7 reasons Peter Grant is better than Harry Potter

It’s the battle of the trainee wizards, as two titans of recent fantasy novels set in our world face off against each other. In one corner is the Hogwarts trained, magical boy wonder from the international bestselling Harry Potter series. In the other corner, it’s the London Metropolitan Police’s finest, from the critically acclaimed Peter Grant novels. Who is the best sorcerer’s apprentice?

To be honest, I have already made up my mind. I read the Harry Potter novels as they came out, to be part of the enormous sense of anticipation that surrounded them, and I found them a little underwhelming. For me the series peaked with The Prisoner of Azkaban - the last novel where the editor was able to stand up to JK.

Ben Aaronovitch’s novels are a more recent discovery for me, and from the start I was hooked on the adventures of Peter Grant, apprentice wizard and trainee detective in the Met’s division for investigating magical crimes. I loved the way in which the novels blended police procedure and the magical apprentice story into one novel. So as my mind is already made up, here are 7 reasons (equal to the number of Harry Potter books) why Peter Grant is better than Harry Potter.

Quick note, this article contains some spoilers. You have been warned!

1 – Peter Grant has a sense of humour

Peter Grant is a great character to be in the head of. I love his sarcastic comments, his irreverence in the face of gods or great wizards, his hilarious side comments to the reader. This creates the sense that Peter Grant is a real person. His reactions to the weird, the supernatural and the mystical are believable as the reaction of someone finding out that the world is a lot stranger than he had anticipated. It also makes him fun; I can imagine Peter Grant would be a good person to go for a pint with.

By contrast Harry Potter has teenage angst and the same self-centred world view that most teenagers have – except Harry Potter is the centre of the world, so he is quite likely to be extremely narcissistic later in life.

2 – Peter Grant has interests outside magic

Most people are not defined by what they do or what they study. They have a broad range of interests and the same should be true of trainee wizards. Peter Grant has interests in music (mainly jazz), architecture, football, the history of London, the tube, Isaac Newtown and so on. As I said above, he would be an interesting person to go for a beer with. We never really get an understanding of Harry’s interests outside of his magic adventures, as the world generally revolves around him.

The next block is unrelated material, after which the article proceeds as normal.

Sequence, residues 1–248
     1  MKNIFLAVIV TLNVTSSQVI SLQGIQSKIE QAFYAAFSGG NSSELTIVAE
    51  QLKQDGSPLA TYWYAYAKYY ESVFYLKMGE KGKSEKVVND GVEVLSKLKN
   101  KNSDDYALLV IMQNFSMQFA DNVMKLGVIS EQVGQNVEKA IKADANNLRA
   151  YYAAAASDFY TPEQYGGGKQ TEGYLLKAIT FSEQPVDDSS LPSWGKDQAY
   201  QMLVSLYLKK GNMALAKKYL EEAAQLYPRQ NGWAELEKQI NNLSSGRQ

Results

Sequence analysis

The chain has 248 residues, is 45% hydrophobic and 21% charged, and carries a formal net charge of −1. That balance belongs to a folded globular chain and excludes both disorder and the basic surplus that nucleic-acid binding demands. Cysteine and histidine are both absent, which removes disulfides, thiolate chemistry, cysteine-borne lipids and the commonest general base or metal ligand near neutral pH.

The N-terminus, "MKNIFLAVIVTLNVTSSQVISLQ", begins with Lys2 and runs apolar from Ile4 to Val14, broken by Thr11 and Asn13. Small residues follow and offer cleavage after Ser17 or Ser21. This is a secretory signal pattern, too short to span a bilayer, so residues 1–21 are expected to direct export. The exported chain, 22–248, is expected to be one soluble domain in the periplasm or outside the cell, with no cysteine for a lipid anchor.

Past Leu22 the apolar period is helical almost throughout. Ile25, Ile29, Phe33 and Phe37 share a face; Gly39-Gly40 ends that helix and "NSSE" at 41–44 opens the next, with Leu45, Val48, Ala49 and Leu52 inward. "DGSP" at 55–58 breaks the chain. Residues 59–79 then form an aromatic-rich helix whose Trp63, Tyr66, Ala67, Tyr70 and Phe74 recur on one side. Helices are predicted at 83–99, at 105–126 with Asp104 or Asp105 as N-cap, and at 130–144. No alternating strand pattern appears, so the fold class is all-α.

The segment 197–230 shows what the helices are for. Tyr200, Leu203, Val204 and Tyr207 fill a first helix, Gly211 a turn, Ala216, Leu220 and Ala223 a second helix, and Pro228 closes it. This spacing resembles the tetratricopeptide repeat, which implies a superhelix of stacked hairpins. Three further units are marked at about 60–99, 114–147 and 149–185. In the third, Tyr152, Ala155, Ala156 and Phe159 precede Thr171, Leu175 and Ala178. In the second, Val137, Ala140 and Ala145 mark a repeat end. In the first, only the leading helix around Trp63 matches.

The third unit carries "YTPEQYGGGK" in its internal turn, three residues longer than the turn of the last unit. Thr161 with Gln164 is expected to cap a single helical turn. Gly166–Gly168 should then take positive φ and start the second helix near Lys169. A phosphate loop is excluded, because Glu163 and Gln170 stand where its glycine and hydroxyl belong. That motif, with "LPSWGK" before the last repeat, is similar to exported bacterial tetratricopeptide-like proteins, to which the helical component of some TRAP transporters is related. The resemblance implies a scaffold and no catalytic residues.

3 – Peter Grant has better taste in music

In the second ‘Rivers of London’ novel, Moon Over Soho, we discover Peter Grant’s interest in music. His father was a well-known jazz musician and Peter was raised on a varied diet of music. In this novel, Peter investigates the mysterious deaths of several semi-professional musicians on the London jazz scene. Peter’s knowledge of jazz and the music scene helps him track down the strange creature behind these deaths.

I cannot remember Harry Potter being interested in music. If he was, I expect he would be into something over-rated, like Pearl Jam.

4 – Peter Grant did not go to a fancy private school

Hogwarts is clearly the Eton of the magical world, in that its students seem to think no other schools exists in the UK, it’s full of over privileged students who are the children of over privileged students and it only lets in enough normal people to prevent it being closed. Harry’s expensive private education might fast track him to Oxford but does not help make him a relatable character. Most people’s childhoods are not spent in expensive boarding schools, they have to deal with overcrowded class rooms and disruptive fellow students.

Peter Grant on the other hand is a graduate of that egalitarian institution Hendon Police College before embarking on two years of being a beat bobbie which all members of the Met have to go through regardless of the fancy private education. Rivers of London opens with Peter’s last days as a street constable. He is the first responding officer for a gruesome murder where he encounters a ghost. This draws him to the attention of Detective Inspector Nightingale who takes him on as a trainee detective at The Folly (the branch of the Met which looks covers magical crimes) as well as an apprentice wizard.

Peter survives the dangerous magical underworld of London using the street smarts he gained growing up in a Kentish Town council estate and his two years as a beat constable. Expensive private schools might be great for the theory of magic but when things turn nasty I would prefer to have street smarts on my side.